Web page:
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HMFC01

IFAB (International Football Association Board) rule changes

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HMFC01
Posted (edited)

https://www.edinburghlive.co.uk/sport/football/football-rule-changes-hearts-hibs-18570725

 

The rule changes that could impact Hearts and Hibs when Scottish football returns

The IFAB is set to introduce a host of new rules into the game this summer

 

 

Scottish football was always likely to look somewhat different after emerging from its coronavirus-induced slumber

Whether it is empty stands, sporadic kick off times or socially distant celebrations, fans of Hearts and Hibernian will have to adjust to a new normal when the game returns early next month.

Some decisions go beyond that however, and football's governing body is set to introduce a host of new rules into the sport this season.

It is not uncommon for the International Football Association Board (IFAB) to clarify or refine the game's bylaws every year in an attempt to cut out the confusion surrounding certain aspects of the rules.

The Scottish Football Association even has a hand in shaping them, sitting on the IFAB board alongside the English, Irish and Welsh FA's and representatives from Fifa.

There could be drastic changes to one element of the game this year, but many of the tweaks are minor.

Here is what fans heading to Easter Road and Tynecastle should look out for next season:

 

Handball

Few rule interpretations rile fans quite like the liberal application of the handball law.

For reasons never really explained, a shot blasted at a defender's elbow from three yards away can be an automatic spot kick one week, but remain unseen by the officials the next.

Last year, the IFAB introduced new guidelines that somehow made this even more complicated, decreeing that a handling offence no longer had to be "deliberate" to constitute a foul.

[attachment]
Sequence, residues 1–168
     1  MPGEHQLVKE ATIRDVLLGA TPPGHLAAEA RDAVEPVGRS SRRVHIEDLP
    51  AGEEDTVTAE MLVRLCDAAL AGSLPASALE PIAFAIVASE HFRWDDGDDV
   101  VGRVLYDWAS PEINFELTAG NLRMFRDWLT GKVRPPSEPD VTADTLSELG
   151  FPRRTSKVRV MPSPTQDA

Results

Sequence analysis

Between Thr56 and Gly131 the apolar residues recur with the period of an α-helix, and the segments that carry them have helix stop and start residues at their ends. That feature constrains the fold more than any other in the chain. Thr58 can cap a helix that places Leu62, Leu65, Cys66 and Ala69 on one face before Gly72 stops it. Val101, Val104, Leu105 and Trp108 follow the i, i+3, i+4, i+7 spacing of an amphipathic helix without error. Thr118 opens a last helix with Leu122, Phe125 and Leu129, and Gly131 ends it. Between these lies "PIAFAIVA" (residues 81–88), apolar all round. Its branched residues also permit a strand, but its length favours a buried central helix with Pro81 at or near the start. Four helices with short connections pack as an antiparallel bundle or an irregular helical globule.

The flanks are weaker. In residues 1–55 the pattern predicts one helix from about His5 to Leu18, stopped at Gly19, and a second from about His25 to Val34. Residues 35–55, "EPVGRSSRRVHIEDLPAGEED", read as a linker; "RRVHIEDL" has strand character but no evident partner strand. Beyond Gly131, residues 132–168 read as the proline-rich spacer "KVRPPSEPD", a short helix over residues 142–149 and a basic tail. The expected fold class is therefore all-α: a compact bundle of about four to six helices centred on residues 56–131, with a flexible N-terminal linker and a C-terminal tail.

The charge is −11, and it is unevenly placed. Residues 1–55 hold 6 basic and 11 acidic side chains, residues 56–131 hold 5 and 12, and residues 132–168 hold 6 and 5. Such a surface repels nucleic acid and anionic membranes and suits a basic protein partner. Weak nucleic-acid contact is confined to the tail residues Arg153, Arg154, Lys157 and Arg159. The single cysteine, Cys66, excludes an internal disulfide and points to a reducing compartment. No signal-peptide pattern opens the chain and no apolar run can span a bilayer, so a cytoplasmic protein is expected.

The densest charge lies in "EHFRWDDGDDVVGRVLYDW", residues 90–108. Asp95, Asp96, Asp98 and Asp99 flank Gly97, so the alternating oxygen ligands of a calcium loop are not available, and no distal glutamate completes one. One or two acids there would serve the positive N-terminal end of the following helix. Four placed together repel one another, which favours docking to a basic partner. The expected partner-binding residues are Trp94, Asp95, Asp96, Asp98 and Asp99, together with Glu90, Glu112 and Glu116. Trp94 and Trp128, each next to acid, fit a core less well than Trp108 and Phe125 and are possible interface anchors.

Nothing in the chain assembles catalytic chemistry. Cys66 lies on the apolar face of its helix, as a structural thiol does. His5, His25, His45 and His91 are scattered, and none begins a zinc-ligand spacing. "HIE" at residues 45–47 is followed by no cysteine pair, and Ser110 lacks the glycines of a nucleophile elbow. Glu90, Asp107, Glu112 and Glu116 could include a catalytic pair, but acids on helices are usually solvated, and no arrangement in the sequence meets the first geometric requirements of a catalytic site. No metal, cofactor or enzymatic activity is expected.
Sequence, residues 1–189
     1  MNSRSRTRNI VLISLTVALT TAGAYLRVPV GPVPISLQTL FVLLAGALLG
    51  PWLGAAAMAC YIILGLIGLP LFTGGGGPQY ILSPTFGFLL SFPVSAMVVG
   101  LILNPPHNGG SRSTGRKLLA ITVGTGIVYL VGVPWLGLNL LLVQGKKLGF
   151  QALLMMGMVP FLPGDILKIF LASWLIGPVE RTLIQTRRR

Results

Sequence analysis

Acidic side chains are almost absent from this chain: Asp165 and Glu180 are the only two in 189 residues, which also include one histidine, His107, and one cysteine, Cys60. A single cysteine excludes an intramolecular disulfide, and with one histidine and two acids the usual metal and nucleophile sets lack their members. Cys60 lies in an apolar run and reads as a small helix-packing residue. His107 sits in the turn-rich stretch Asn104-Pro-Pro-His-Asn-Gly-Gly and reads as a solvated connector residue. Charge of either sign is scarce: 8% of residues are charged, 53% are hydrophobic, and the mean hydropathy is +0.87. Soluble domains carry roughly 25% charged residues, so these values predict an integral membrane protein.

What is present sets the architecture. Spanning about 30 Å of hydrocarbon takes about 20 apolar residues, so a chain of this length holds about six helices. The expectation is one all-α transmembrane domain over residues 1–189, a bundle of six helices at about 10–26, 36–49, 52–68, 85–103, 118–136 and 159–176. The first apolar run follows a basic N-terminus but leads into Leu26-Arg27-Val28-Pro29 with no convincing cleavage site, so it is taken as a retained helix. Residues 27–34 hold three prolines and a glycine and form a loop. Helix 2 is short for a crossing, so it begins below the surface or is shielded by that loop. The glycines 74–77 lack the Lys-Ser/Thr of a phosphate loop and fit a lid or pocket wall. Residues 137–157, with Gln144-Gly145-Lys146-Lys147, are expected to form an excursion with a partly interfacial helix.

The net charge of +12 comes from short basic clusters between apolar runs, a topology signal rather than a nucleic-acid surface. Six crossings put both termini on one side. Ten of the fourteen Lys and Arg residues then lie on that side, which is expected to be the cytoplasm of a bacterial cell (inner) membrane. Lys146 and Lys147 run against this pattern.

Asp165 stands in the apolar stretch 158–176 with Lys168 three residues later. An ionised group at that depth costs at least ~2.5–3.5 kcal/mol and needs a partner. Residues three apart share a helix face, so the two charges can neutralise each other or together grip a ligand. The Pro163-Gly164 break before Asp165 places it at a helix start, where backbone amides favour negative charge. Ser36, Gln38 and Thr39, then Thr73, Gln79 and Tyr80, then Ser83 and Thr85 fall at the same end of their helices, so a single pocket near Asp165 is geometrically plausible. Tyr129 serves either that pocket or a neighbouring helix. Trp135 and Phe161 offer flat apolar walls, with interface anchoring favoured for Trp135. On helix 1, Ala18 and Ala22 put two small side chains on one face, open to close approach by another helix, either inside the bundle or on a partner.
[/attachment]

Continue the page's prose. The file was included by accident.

Instead, the bosses instructed officials to award a foul if a player was deemed to have "made their body unnaturally bigger" or had their hand or arm "above shoulder level".

While that appears to clear up any rankling over "unnatural" positions, the rule will go through a slight change again before the 2020/21 season.

Referees have been told that the shoulder is not part of the arm, and any decision on a foul must take into consideration whether or not the ball strikes a player 'below the armpit'.

If it does, a foul is given, but if not, play on.

We look forward to social media suddenly becoming a playground for armchair anatomy experts over the next season, all of whom are able to tell us why the armpit for their team's players is somehow different to those of everyone else's.

On the line

Scotland goalkeeper Lee Alexander was among those to fall foul of this rule last year during the national side's exit from the 2019 Women's World Cup.

The Glasgow City stopper stepped very slightly off her line to push away Argentine midfielder Florencia Bonsegundo's penalty, only for the video assistant to intervene and demand the spot kick be taken again.

Bonsegundo scored the retake to send Scotland home, but the IFAB have sought to clarify the rules ahead of the new campaign.

Goalkeepers will no longer be booked for coming off the line at a penalty so long as it's a first offence.

In addition, if a keeper commits an offence but the taker misses the goal or hits the post the kick will not be retaken unless it's determined the goalkeeper's actions interfered with the kicker.

While we don't have VAR in domestic football - yet - the men's national side will be affected by this rule in their bid to qualify for next year's European Championships.

 

Handball - part two

Right, remember everything we just told you about the handball rule?

Well, put that out of your head for a minute while we get extremely technical.

Rules in force for last season stated that " any attacking advantage from the ball hitting a hand/arm should be punished".

That effectively meant if the ball struck a defender's hand in the box while it was in a "natural position" and he then hoofed the ball upfield for his teammate to score, the referee would have to bring the game back for a penalty at the other end of the field.

But obviously, that is a hypothetical scenario and would never actually happen.

Or would it?

In the recent English Premier League meeting between Sheffield United and Tottenham Hotspur, Harry Kane saw his equaliser chalked off after teammate Lucas Moura had the ball thumped against his upper arm while he was sent sprawling by a Blades defender.

Kane picked up on the loose ball in the box and scored, but the goal was disallowed by the video assistant and Spurs went on to lose the game 3-1.

It was a silly rule to begin with and it has now, thankfully, been clarified somewhat.

Officials have been told not to give the foul "if the ball travels some distance or if there are several passes," while considerations will also be made regarding the amount of time that has passed since the initial offence and the attacking phase of play.

In addition, players will no longer be considered offside if a defender handles the ball deliberately before it reaches them.

Clear as mud.

 

Double jeopardy